Archive for November, 2009

Speculations Journal

25 November 2009

See this call for papers for the inaugural issue of Speculations: Journal of Object Oriented Ontology, championed by Paul Ennis of the Another Heidegger Blog:

We hope to provide a forum for the exploration of object oriented ontology, speculative realism and post-continental philosophy. Our aim is to facilitate discussion about the ongoing development of object oriented ontology and in particular to explore new directions in object oriented research. The journal is open access and peer-reviewed. The journal accepts short position papers, full length articles and book reviews. Issue one is due to be published in early 2010 and will include submissions from Graham Harman, Ian Bogost and Levi Byrant. The deadline for Issue 1 is Feb. 28th 2010. Inquiries and submissions can be sent to

© 2009 Tammy Lu

The board of reviewers so far includes:

  • Adrian Ivakhiv (University of Vermont)
  • Graham Harman (The American University in Cairo)
  • Ian Bogost (The Georgia Institute of Technology)
  • Jon Cogburn (Louisiana State University)
  • Levi Byrant (Collin College)
  • Paul Reid Bowen (Bath Spa University)
  • Peter Gratton (University of San Diego)
  • Sinead Hogan (Dun Laoghaire Institute of Art, Design and Technology)
  • Steven Shaviro (Wayne State University)
  • Stuart Elden (Durham University)

The editorial board so far consists of:

  • Michael Austin, Memorial University of Newfoundland, Canada
  • Casey Boyle, University of South Carolina, United States
  • Paul John Ennis, University College, Dublin, Ireland
  • Fabio Gironi, School of Oriental and African Studies, United Kingdom
  • Nick Srnicek, London School of Economics

Translation and Charles Péguy

24 November 2009

“Everything is external to everything else, and it takes difficult work to link any two things” – thus summarises Graham Harman one of Bruno Latour’s metaphysical points (Prince of Networks, pp. 104-105). The blog medium makes linking unrelated things rather easy, so hopefully it is not an entirely frivolous act to link transaction-cost economics with actor-network theory through the figure of Charles Péguy. The Organizations and Markets blog has just highlighted that the following Péguy quote is evoked at a crucial moment in Oliver E. Williamson’s (yes, this year’s economics Nobel Laureate) 1996 book, The Mechanisms of Governance, in support of  the ” microanalytic program” of TCE:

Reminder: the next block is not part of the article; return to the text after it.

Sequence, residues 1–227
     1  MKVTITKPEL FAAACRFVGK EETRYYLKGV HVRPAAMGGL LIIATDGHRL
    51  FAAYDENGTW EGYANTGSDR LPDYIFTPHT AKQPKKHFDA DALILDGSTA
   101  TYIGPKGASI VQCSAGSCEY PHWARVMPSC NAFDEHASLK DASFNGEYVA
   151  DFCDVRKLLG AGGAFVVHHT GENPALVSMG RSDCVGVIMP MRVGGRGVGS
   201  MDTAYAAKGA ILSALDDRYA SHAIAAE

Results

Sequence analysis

“The longer I live, citizen. . .” — this is the way the great passage in Peguy begins, words I once loved to say (I had them almost memorized) — “The longer I live, citizen, the less I believe in the efficiency of sudden illuminations that are not accompanied or supported by serious work, the less I believe in the efficiency of conversion, extraordinary, sudden and serious, in the efficiency of sudden passions, and the more I believe in the efficiency of modest, slow, molecular, definitive work. The longer I live the less I believe in the efficiency of an extraordinary sudden social revolution, improvised, marvelous, with or without guns and impersonal dictatorship — and the more I believe in the efficiency of modest, slow, molecular, definitive work.” (pp. 13-14)